Party At The Palace: The Queen's Concerts - Various Artists
2 stars (out of 5 stars)
Reviewed: July 9, 2002
Review by Holiday GirodCelebrating the 50th anniversary of Her Majesty Queen Elizabeth II's accession to the throne, England decided to throw a little party in honor of the good mum's Golden Jubilee, inviting a mixed bag of musical guests that ranged from MTV's once-prince of pop fodder, Phil Collins to MTV's now-hip metal father, Ozzy Osbourne.
Apparently Virgin Records felt that the selling power of this puffy party on CD would be as big as something like a Live Aid 2002, as they rushed this disc to market in just a little over a month from the date of the concert.
While the juxtapositions between artists like Cliff Richard and Ozzy seem interesting enough, most of the disc features tired warhorses of songs from tired warhorses of artists long past their prime. The majority of the concert presented on this single disc, unfortunately, feels like one of the many overblown, star-studded MTV music festivals from the '80s. Sir Elton John, who was recently knighted by the Queen for his contributions to music (apparently her hi-fi must've broke after Goodbye Yellow Brick Road), turns in a stale performance of one of his weaker latter-day hits "I Want Love," while MTV's '80s poster boy Bryan Adams delivers his prelude to the "Chicken Dance" with a dated take on his modern wedding reception standard "Everything I Do (I Do It For You)." Eric Clapton performs (surprise!) "Layla" for the seven millionth time, but thankfully has turned up the tempo a bit and added a touch of gospel and funk to the number. Even Sir Paul (McCartney - the other recently knighted musician to show up) managed to take the wind out of the sails of his own Beatles classic, "Hey Jude."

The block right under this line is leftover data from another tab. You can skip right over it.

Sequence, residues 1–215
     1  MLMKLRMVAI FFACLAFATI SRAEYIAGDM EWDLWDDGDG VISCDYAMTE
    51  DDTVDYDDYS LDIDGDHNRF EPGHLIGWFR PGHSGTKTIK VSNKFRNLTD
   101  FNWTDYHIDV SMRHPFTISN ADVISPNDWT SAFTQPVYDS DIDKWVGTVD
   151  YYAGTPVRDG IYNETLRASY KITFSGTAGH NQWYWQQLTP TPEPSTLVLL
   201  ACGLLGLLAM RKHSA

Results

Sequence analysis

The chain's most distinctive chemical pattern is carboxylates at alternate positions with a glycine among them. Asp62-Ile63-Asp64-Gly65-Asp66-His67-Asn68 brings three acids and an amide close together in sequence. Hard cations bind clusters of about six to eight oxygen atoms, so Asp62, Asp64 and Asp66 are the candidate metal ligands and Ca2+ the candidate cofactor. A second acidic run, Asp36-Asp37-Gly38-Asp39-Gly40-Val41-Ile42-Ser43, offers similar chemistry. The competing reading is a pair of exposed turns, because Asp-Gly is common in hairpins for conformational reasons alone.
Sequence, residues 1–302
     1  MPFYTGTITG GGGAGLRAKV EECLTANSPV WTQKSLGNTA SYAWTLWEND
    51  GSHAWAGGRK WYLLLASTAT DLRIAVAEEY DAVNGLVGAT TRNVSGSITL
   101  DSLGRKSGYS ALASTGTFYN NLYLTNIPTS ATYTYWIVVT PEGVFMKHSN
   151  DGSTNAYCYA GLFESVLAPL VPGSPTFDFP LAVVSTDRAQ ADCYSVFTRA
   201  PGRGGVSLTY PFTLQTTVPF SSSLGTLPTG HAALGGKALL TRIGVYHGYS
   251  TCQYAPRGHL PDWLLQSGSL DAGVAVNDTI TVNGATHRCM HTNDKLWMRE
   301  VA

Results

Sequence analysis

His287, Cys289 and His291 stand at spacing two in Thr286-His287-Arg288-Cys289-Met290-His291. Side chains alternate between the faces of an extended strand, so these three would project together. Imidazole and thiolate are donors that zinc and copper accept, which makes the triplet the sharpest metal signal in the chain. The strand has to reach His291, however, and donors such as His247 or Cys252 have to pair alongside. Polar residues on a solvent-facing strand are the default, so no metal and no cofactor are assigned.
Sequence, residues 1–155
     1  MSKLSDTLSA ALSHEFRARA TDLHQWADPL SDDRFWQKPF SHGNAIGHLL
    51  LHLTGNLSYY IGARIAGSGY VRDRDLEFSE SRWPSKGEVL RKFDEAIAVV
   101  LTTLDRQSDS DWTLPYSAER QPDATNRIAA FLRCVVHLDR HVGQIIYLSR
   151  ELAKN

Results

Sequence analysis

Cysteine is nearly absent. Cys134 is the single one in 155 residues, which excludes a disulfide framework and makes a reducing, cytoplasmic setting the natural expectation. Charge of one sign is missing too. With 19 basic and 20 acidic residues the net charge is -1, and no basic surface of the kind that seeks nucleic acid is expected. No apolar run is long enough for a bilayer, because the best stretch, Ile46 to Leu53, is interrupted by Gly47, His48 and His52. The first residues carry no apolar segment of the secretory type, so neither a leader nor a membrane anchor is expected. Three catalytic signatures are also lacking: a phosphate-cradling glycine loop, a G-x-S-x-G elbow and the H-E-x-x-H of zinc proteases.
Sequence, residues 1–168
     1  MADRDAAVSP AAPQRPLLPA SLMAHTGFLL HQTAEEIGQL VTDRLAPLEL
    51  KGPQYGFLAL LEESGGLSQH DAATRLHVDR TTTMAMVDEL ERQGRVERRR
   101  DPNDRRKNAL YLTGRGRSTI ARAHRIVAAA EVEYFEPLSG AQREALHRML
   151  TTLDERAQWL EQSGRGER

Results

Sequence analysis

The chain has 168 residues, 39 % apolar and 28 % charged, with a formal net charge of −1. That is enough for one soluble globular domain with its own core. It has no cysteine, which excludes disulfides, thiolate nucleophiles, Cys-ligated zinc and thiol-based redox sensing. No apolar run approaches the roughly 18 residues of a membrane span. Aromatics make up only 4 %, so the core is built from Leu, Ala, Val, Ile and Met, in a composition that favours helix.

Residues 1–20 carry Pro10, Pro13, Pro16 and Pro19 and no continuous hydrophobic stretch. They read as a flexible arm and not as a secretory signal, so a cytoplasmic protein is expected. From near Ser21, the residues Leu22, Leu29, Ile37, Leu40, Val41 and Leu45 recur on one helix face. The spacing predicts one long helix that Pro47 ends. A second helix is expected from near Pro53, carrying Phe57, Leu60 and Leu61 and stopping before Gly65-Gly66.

While the overall feeling of this show is dated and pompous, there were a few artists that did turn in interesting performances. 1960s lounge lizard and on-stage panty hoarder, Tom Jones, delivered some funky, blue-eyed blues on "You Can Leave Your Hat On," leaving one wondering if Lizzie was able to leave her own dewy knickers on during this bump-and-grind number. Shirley Bassey turned in a dry, sexy version of her 1964 hit from the James Bond film "Goldfinger," while Joe Cocker showed the knighted Beatle how to do a Fab Four song properly with an impassioned take on "With A Little Help From My Friends." The, somewhat surprising and welcome, inclusion of Rod Stewart's early '70s track "Handbags & Gladrags" made one remember that, like Sir Elton and Sir Paul, this artist's best material was long behind him.
Nobody really expected The Sex Pistols' Johnny Rotten to be invited to spit out "God save the Queen, she ain't no human being," but, had he crashed the party, it might've helped put a little ginger into this bloated bash.
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